Research Paper Volume 4, Issue 9 pp 590—605

Plasma microRNA biomarkers for detection of mild cognitive impairment

Kira S. Sheinerman1, , Vladimir G. Tsivinsky1, , Fiona Crawford2, , Michael J. Mullan2, , Laila Abdullah2, , Samuil R. Umansky1, ,

  • 1 DiamiR, LLC, Princeton, NJ 08540, USA
  • 2 Roskamp Institute, Sarasota, FL 34243, USA

Received: September 10, 2012       Accepted: September 18, 2012       Published: September 19, 2012
How to Cite


Early stages of many neurodegenerative diseases, such as Alzheimer's disease, vascular and frontotemporal dementia, and Parkinson's disease, are frequently associated with Mild Cognitive Impairment (MCI). A minimally invasive screening test for early detection of MCI may be used to select optimal patient groups in clinical trials, to monitor disease progression and response to treatment, and to better plan patient clinical care. Here, we examined the feasibility of using pairs of brain-enriched plasma microRNA (miRNA), at least one of which is enriched in synapses and neurites, as biomarkers that could differentiate patients with MCI from age-matched controls. The identified biomarker pairs fall into two sets: the “miR-132 family” (miR-128/miR-491-5p, miR-132/miR-491-5p and mir-874/miR-491-5p) and the “miR-134 family” (miR-134/miR-370, miR-323-3p/miR-370 and miR-382/miR-370). The area under the Receiver-Operating Characteristic curve for the differentiation of MCI from controls using these biomarker pairs is 0.91-0.95, with sensitivity and specificity at 79%-100% (miR-132 family) and 79%-95% (miR-134 family), and p < 0.001. In a separate longitudinal study, the identified miRNA biomarker pairs successfully detected MCI in majority of patients at asymptomatic stage 1-5 years prior to clinical diagnosis. The reported biomarker pairs also appear useful for detecting age-related brain changes. Further testing in a larger study is necessary for validation of these results.


Neurodegenerative diseases comprise a large group of pathologies caused by metabolic changes in brain cells, loss of synapses and other compartments of neurons, and, ultimately, neuronal death [1]. Due to increased lifespan, neurodegenerative diseases, such as Alzheimer's Disease (AD), Parkinson's Disease (PD), Huntington Disease, vascular dementia and others, have become very common in developed countries. 13.9% of people age 71 and older in the United States have dementia [2]. Currently, an estimated 5.4 million people have AD in the US alone [2]. A brain's ability to compensate for the dysfunction and loss of neurons, occurring over a long period of time, results in late clinical manifestation of symptoms of AD and other dementias. At late stages of neurodegeneration, serious morphologic changes in the brain, including a massive loss of neurons, have already occurred, and, as a consequence, successful pharmacological intervention is not feasible. Thus, diagnostic methods based on detection of early events in the development of AD and of other dementias are highly desirable.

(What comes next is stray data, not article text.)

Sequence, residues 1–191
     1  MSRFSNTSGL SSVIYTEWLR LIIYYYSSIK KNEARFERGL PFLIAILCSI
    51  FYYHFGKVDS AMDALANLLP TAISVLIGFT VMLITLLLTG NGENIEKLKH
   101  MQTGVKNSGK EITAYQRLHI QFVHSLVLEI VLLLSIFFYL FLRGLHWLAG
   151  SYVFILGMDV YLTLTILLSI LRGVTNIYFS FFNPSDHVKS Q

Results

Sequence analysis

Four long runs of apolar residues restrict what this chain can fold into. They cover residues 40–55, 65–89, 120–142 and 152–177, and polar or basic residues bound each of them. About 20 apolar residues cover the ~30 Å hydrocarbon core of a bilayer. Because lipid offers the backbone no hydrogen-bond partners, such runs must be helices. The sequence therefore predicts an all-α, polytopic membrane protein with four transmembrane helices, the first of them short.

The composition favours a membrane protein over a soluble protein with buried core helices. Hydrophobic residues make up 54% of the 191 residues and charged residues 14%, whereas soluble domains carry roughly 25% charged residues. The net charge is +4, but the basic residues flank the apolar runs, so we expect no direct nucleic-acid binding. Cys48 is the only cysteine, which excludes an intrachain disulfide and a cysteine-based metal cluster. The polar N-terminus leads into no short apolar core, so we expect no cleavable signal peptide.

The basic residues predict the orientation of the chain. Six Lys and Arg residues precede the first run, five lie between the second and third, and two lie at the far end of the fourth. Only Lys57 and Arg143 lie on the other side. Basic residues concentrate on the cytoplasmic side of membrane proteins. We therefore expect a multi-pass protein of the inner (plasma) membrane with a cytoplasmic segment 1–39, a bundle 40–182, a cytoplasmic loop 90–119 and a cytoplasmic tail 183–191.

Mild cognitive impairment (MCI) is usually defined as an intermediate state between normal aging, and AD and other dementias, representing the first stage when clinical symptoms become evident [3-5]. On average, MCI patients convert to dementia at a rate of 10-15% annually [5,6]. Currently, the disease progression of MCI patients cannot be reliably predicted. First, up to 40% of MCI patients revert to normal status [7,8], and autopsy studies demonstrate that a substantial percentage of MCI patients do not develop AD pathology [9,10]. Second, approximately 20% of MCI patients, who progress to dementia, are diagnosed with neurodegenerative diseases other than AD, such as vascular, Lewy body, Huntington, Parkinson, and other dementias [9,11]. Third, disease progression varies from slow to intermediate to rapid [12]. Moreover, MCI is not a homogeneous pathology and is currently described as two clinical conditions - with amnestic symptoms (aMCI) and without amnestic symptoms [8,13]. Some publications have reported that aMCI converts to dementia more frequently [14,15]. However, other authors have not found significant difference in the conversion rate for the two MCI forms [16,17].

Currently, diagnosis of AD and other forms of dementia is based on analysis of the patient's cognitive function. Amyloid plaques between neurons, neurofibrillary tau-tangles, and an overall shrinkage of the brain tissue are the hallmarks of AD, and there have been many attempts to develop diagnostic tests based on these phenomena. Recently published data have demonstrated high sensitivity of AD detection by measuring concentrations of the three protein biomarkers in the cerebrospinal fluid (CSF): beta-amyloid protein 1-42, total tau protein, and phosphorylated tau181P protein [18,19]. However, the invasiveness of the CSF collection procedure makes such assays challenging for everyday clinical use. New imaging techniques, including PET scan for in vivo detection of beta-amyloid deposition, are becoming more sensitive and specific but are not suitable for first line screening [20-22]. Several groups have reported encouraging early data on the development of blood assays for AD diagnosis based on analysis of a large number of proteins or antibodies in human blood [23-25].

Neurodegenerative diseases are characterized by neuronal death in specific areas of the brain, for example, hippocampus and cortex for AD, midbrain for PD, frontal and temporal lobes for frontotemporal dementia. However, loss of neurons is a relatively late event in the progression of neurodegenerative diseases that is typically preceded by metabolic changes, such as formation of beta-amyloid plaques and tau protein tangles in AD [1], followed by synaptic dysfunction, synaptic loss, neurite retraction, and the appearance of other abnormalities, such as axonal transport defects [26-29]. Numerous studies are devoted to description of axon destruction with shedding of membrane-enclosed “axosomes”, axon, dendrite and spine pruning, and disassembly of synapses [30-33]. Thus, different processes are characteristic of early and late stages of neurodegeneration and different molecular tests may be needed for early detection of the pathology and monitoring of the pathology progression versus diagnosis and monitoring of a late stage disease.